School of Humanities and Sciences
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Rehmus Family Professor in the Humanities
BioGavin Jones is department Chair. He is the author of Strange Talk: The Politics of Dialect Literature in Gilded Age America (University of California Press, 1999), American Hungers: The Problem of Poverty in U.S. Literature, 1840-1945 (Princeton University Press, 2007), and Failure and the American Writer: A Literary History (Cambridge University Press, 2014). He has published articles on George W. Cable, Theodore Dreiser, W.E.B. DuBois, Sylvester Judd, Paule Marshall, Mark Twain, and Herman Melville, in journals such as American Literary History, New England Quarterly, and African American Review. Jones recently edited a new version of a neglected classic of American literature, Sylvester Judd's "transcendental novel," Margaret: A Tale of the Real and Ideal, Blight and Bloom. He is currently planning a new project about John Steinbeck.
The Dr. Nancy Chang Professor, Emerita
Current Research and Scholarly InterestsDr. Jones' research has focused on genetic, molecular, and cellular mechanisms that regulate immune responses. Recent work was centered on the regulation of innate immune responses that are triggered by conserved microbial components. As these responses can be harmful they are highly regulated in their occurrence, magnitude, and duration. Her lab discovered a novel mechanism that negatively regulates innate responses, mediated by the phosphatase calcineurin.
Assistant Professor, Biology
Current Research and Scholarly InterestsPhotosynthesis provides energy for nearly all life on Earth. Our lab aims to dramatically accelerate our understanding of photosynthetic organisms by developing and applying novel functional genomics strategies in the green alga Chlamydomonas reinhardtii. In the long run, we dream of engineering photosynthetic organisms to address the challenges that our civilization faces in agriculture, health and energy.
Jackson Eli Reynolds Professor in Humanities and Professor of Computer Science
BioDan Jurafsky is Professor and Chair of Linguistics and Professor of Computer Science at Stanford University.
He is the recipient of a 2002 MacArthur Fellowship, is the co-author with Jim Martin of the widely-used textbook "Speech and Language Processing", and co-created with Chris Manning one of the first massively open online courses, Stanford's course in Natural Language Processing. His trade book "The Language of Food: A Linguist Reads the Menu" was a finalist for the 2015 James Beard Award.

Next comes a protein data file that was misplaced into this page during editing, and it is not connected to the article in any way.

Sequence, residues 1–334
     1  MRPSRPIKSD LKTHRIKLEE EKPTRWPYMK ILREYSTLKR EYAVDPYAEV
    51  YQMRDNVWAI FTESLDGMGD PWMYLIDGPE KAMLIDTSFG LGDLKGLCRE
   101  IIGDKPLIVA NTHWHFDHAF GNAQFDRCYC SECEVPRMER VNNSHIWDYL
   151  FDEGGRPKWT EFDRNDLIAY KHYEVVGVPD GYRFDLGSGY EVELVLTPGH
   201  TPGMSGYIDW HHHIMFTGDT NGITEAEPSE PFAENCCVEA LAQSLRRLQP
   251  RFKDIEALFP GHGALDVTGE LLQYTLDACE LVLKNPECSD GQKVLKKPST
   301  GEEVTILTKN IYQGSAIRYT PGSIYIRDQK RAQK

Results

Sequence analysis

Dan received a B.A in Linguistics in 1983 and a Ph.D. in Computer Science in 1992 from the University of California at Berkeley, was a postdoc 1992-1995 at the International Computer Science Institute, and was on the faculty of the University of Colorado, Boulder until moving to Stanford in 2003.
His research ranges widely across computational linguistics; special interests include natural language understanding, human-human conversation, the relationship between human and machine processing, and the application of natural language processing to the social and behavioral sciences. He also works on the linguistics of food and the linguistics of Chinese.
BioKaren Jusko is an assistant professor of political science at Stanford University, and a faculty affiliate of Stanford's Europe Center and the Center for the Study of Poverty and Inequality.
Jusko's research is motivated by questions about the origins of political inequality in the U.S., in Canada, and in Europe. Her new book, Who Speaks for the Poor? (2017, Cambridge Studies in Comparative Politics), is about which groups – whose interests – are represented by political parties. It develops a general theoretical argument about how changes in electoral geography, or the way in which groups are distributed across electoral districts, create incentives for political entrepreneurs to form new parties. Especially when newly pivotal groups have been excluded from local partisan networks, political entrepreneurs will craft party platforms that represent the interests of these groups. What matters, then, for the political representation of a particular group in society is whether it has been favored by changes in electoral geography.
This research builds on Jusko's dissertation, which was awarded the Harold D. Laswell Prize for the best dissertation in the field of public policy by the Policy Studies Organization and the APSA Public Policy Organized Section.
Jusko received her Ph.D. from the University of Michigan. She has been a National Hoover fellow, and a fellow at the Center for the Study Democratic Politics, at Princeton University. Jusko's research has been supported by the National Science Foundation, as part of a European Science Foundation Collaborative Research Program, and the Institute for Research in the Social Sciences at Stanford.